By Ray Hanania
Israeli attorney Lea Tsemel’s lifelong fight for Palestinian rights has gained further recognition with a documentary showcasing her struggle being nominated for two Emmy awards.
“Advocate,” directed by Rachel Leah Jones and Philippe Bellaiche, is a candidate in the best documentary and outstanding politics and government documentary categories. The winner will be announced on Sept. 28.
The two-hour documentary premiered at the 2019 Sundance Film Festival, and went on to win awards from Human Rights Watch, Israel’s Docaviv Film Festival, and festivals in Hong Kong and Poland. It was shortlisted for an Oscar in 2019.
However, its theater premiere came at an inopportune time, January 2020, when coronavirus began sweeping the world and cinema attendances plummeted.
“Advocate” is a powerful depiction of how Israel ignores the rule of law. The documentary has been attacked by many in Israel, including Culture Minister Miri Regev, who has been a harsh critic of Palestinian human rights.
However, criticism of the film only exposes the fallacy of Israeli claims that it is a democracy, with free speech and opposition to censorship. When it comes to Christians and Muslims, and Israelis such as Tsemel who prefer to tell the truth, Israel makes a mockery of the term “democracy.”
I have followed Tsemel’s career and the challenges she has faced since I was a young activist and writer. It was always amazing to me how an Israeli lawyer would be an icon of the fight to defend the rights of Palestinians rather than Arab attorneys who pretty much have remained silent on the sidelines.
The 76-year-old Tsemel has demonstrated how when the rule of law is violated, the legal system can be used to exact justice in a country where the law is applied differently to two peoples.
Regev has fought to prevent the showing of the film, which exposes the ugly truth behind the facade of “democracy” — in reality the quintessential foundation of modern-day apartheid.
To see someone such as Regev, who is seeking to revive Israel’s campaign of murdering of Palestinian resistance leaders, angry with the Tsemel film is reason enough for me to want to buy it, watch it, share it and write about it.
The Arab world has never really understood the power of film. From documentaries to movies, film has defined the Western understanding of the Middle East conflict.
The basic understanding of the Israel-Palestine conflict was burned into the minds of Americans in the early 1960s by the film “Exodus,” produced from a work of pure fiction by Leon Uris. The lies, exaggerations and untruths that filled that movie forever sealed how Americans see the conflict.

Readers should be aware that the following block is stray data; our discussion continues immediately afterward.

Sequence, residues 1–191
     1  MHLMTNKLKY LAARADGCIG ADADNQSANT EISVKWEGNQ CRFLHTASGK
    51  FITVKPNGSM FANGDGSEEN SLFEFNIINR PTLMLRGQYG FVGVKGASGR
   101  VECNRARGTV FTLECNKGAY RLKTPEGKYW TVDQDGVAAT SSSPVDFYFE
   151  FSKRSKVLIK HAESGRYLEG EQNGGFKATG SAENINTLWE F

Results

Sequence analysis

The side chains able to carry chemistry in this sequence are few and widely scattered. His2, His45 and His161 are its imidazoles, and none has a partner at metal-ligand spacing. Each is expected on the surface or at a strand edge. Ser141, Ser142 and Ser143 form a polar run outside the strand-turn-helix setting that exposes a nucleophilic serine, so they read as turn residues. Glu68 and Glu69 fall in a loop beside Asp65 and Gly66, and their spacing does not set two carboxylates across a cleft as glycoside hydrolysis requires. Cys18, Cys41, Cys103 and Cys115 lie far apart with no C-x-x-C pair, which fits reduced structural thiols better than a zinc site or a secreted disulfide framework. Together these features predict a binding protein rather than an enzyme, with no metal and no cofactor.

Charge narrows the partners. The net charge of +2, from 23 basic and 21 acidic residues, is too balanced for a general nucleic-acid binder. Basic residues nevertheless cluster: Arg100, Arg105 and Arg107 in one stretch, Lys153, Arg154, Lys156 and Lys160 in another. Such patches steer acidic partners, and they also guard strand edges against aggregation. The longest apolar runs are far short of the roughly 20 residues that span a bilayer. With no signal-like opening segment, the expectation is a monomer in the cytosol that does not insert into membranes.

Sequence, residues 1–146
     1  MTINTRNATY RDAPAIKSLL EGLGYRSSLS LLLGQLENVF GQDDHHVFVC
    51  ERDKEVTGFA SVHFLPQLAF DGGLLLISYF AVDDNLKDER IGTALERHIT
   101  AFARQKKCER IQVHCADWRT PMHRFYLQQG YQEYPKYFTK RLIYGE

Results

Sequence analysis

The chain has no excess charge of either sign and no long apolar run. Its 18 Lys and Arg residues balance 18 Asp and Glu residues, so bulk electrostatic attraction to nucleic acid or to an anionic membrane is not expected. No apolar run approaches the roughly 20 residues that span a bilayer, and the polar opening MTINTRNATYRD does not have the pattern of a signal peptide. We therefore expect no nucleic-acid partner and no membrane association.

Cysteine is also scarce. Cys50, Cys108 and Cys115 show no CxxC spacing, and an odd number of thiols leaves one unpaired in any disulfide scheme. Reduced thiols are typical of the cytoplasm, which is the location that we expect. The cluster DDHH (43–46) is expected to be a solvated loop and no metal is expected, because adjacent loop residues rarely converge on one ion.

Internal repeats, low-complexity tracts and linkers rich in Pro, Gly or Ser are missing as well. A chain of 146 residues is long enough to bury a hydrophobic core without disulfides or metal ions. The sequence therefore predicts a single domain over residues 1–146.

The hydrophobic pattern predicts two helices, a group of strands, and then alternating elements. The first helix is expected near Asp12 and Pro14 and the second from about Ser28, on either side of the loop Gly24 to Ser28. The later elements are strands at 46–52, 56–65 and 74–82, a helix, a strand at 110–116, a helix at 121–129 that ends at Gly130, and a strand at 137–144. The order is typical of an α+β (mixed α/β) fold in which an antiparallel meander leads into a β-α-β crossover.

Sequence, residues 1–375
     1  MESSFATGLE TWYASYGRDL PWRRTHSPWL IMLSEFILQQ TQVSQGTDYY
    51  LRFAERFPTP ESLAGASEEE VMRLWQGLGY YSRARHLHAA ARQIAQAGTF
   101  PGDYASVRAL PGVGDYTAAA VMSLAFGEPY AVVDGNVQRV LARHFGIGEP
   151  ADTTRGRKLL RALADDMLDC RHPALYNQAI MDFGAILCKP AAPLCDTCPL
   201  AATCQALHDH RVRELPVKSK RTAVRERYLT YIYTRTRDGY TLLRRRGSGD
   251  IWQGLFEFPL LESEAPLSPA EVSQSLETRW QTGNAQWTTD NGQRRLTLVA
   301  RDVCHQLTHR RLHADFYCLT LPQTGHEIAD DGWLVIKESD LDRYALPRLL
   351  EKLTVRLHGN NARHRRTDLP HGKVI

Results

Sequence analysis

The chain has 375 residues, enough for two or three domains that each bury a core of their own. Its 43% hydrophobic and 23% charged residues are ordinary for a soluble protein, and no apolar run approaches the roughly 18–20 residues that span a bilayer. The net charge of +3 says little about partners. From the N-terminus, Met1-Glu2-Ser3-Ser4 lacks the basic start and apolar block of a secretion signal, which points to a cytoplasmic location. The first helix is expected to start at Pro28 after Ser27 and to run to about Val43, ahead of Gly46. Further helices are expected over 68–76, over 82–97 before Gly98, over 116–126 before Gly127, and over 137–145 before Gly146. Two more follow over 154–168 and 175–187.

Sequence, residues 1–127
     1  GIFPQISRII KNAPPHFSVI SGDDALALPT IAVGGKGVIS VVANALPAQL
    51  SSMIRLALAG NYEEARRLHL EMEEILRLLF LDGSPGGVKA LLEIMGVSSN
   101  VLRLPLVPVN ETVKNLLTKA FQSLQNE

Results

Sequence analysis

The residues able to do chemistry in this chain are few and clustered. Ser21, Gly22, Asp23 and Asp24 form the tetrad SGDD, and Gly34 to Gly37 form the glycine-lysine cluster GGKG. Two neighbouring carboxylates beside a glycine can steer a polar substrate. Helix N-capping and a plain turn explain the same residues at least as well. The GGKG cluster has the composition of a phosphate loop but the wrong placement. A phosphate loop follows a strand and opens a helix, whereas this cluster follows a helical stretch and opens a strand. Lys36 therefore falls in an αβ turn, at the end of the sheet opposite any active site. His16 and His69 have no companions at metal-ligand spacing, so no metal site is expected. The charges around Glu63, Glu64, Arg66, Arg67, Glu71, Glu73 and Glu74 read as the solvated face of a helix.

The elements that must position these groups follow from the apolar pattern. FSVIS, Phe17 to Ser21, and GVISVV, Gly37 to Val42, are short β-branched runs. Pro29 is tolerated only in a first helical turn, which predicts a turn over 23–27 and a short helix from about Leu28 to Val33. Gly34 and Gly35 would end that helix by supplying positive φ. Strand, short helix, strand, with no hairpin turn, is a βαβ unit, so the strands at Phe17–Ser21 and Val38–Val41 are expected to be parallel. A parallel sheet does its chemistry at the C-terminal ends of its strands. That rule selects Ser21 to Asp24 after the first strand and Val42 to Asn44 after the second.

The Arab world has never recognized that it is not fighting a battle of truth, but rather a war with a stereotype that was burned into the public’s mind by a movie that romantically embroidered lies, distortions and falsehoods in order to demonize a just and moral cause.
Tsemel calls herself a “rebel with a lost cause,” and says that she “always sees the person behind the case,” the mantra of a true professional attorney who embraces the core of democracy and the belief that everyone is innocent until proven guilty in a forum defined by the rule of law, not the rule of mobs or politics.
In a way, Tsemel is a Jew who is doing what the Nazis refused to allow attorneys to do during the Holocaust — defending Jews accused of terrorism by the Nazi regime. To represent the people that the regime asserts are the embodiment of evil is the most righteous principle someone can embrace. In the early 20th century, it was Jews. In the late 20th century and early 21st century, it is Palestinians.
Tsemel said she volunteered with the Israeli military during the 1967 war and was the first Israeli woman to be pictured at the Wailing Wall when it was captured. Many weeks later, she said she was shocked to learn that Israel had destroyed all the Palestinian homes near the wall to make a plaza. The occupants of the homes were forced to flee.
She notes how Palestinians accused of crime are demonized and judged before they are even taken to trial, if they get to trial. But Israeli Jews who commit similar crimes are given the full protection of the law. That double standard often motivates human beings to pursue moral advocacy.
The documentary is a beautiful film that tells the story of a pure heart who wants to do good, but soon discovers the wrongs that are all around. She wants to change that, and her life is forever defined by her struggle.
It is an emotional film because every suspect she represents is defined by the Israelis as a “terrorist.” You listen as Israelis scream curses and wish death upon Arab suspects who are lying bleeding in the streets with no help, already convicted by stereotype, not facts or laws.
The film is in Hebrew and Arabic with English subtitles.